Sunday, October 19, 2014

Our Epic Zion Adventure--Birch Hollow Canyon

 My brother Ed called me up one Tuesday and told me that he and his girlfriend Christina were flying into Las Vegas on Saturday. Did we want to meet in Death Valley or Zion? I told him Zion would be great, we love going there and we could go canyoneering. He agreed, and then it was time to decide where we could go canyoneering. I decided Birch Hollow Canyon would be a good spot. Just outside the park, it didn't require a permit, was 4-6 hours long according to the beta, had a number of fun rappels, but none too long, and it was dry. That was good considering it was mid-October and chilly. On Thursday I heard from a caving friend, Rodney, that he would be down there with his girlfriend. I welcomed the extra rope expertise. So on Sunday morning we met up at the side of the road to begin our journey.

 I knew that this was a popular canyon and expected to see quite a few people. We saw a guide group start ahead of us with some clients. After we had all our gear ready, we started out about 10 am from the trailhead, having fun skirting the obstacles.

An old ATV ramp was one of the memorable parts of the approach.

We even found a couple caves on the way, and Desert Boy checked one out. He reported back that it had a lot of mud and flies.
Photo courtesy of Ed
After about an hour of hiking, we reached the first rappel, the longest, at about 120 ft. I had bought a new 200 ft canyoneering rope the day before and we also had 100 ft of caving rope. I tied the ropes together, and secured the canyoneering rope with a releasable anchor as only two of our group were comfortable with rappelling. I had my caving friend Rodney go down first, as he has tons of rappelling experience. From the bottom he could bottom belay everyone and make sure they got down safely. I lowered Desert Boy from the top. We decided Desert Girl should go down double with her uncle.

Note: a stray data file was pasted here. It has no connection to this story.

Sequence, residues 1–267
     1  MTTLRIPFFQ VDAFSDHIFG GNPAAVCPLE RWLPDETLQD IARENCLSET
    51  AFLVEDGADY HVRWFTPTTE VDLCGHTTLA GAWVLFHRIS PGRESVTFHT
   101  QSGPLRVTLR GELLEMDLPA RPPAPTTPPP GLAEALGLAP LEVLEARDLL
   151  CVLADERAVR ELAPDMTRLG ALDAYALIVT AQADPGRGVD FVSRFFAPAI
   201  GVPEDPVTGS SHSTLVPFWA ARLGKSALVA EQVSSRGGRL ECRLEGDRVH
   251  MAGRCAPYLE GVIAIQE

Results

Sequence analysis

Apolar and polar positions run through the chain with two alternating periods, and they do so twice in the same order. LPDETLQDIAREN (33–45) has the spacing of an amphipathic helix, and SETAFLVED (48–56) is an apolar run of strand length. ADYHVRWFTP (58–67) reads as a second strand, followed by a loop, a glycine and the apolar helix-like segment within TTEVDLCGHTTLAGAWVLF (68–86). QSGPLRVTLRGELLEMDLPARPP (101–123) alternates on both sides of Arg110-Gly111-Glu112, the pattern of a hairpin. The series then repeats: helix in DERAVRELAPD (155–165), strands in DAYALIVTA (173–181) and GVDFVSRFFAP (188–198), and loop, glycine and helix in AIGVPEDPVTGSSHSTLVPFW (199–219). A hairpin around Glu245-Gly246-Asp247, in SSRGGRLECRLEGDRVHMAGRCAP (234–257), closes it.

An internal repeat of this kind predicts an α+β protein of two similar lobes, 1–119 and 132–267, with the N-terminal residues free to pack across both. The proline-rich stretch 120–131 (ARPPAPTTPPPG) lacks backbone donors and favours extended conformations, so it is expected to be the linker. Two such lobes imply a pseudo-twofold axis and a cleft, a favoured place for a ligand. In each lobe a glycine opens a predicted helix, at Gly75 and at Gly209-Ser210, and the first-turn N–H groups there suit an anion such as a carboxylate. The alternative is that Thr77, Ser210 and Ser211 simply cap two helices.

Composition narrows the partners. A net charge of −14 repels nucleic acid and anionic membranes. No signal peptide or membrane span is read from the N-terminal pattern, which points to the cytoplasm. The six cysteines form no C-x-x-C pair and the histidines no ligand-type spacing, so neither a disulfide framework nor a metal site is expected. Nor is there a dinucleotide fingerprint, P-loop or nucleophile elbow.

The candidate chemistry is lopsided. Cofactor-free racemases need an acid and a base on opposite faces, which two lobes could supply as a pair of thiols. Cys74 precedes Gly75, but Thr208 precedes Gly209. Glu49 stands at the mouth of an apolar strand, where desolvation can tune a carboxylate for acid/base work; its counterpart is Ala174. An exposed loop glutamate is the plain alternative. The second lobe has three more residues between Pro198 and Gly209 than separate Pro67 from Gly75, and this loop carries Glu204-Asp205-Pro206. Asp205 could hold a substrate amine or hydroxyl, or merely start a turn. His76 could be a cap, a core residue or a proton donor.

Photo courtesy of Christina

I was a little nervous about getting the anchor right for pulling. I'm used to cave anchoring, where we go down and then back up the same rope. For canyoneering, you rig so that you go down the rope, then pull the rope, and then continue down the canyon. Since this rappel was longer than just one rope, I had to rig it so we could pull the knotted side after I had rappelled down the unknotted side. It all worked out fine.

Then we had a little hike and got to our next rappel. Another group was there, having approached from another route. We ate some lunch while they put their dog into a rope bag for the rappel. Then it was our turn. This rappel was about 80 feet.

Then we had some fun in the canyon, as the walls narrowed and we had to scramble down obstacles.

Photo courtesy of Ed 

It wasn't too long until we got to our next rappel, about 20 feet. It was time for Desert Boy to learn how to rappel. He was very excited. We explained how to rappel and that if he had any trouble he just needed to call out and his bottom belay would stop him. We all got down relatively quickly and were feeling comfortable with rappelling.

Desert Boy found a scorpion at the bottom of the drop.
Photo courtesy of Ed
Desert Girl had a blast chilling between rappels.
Photo courtesy of Ed
The canyon opened up a bit and we enjoyed some fall colors.
Photo courtesy of Ed
A little bit farther was the rappel I remembered most: an 80-foot drop into a fluted canyon. Rodney led the way.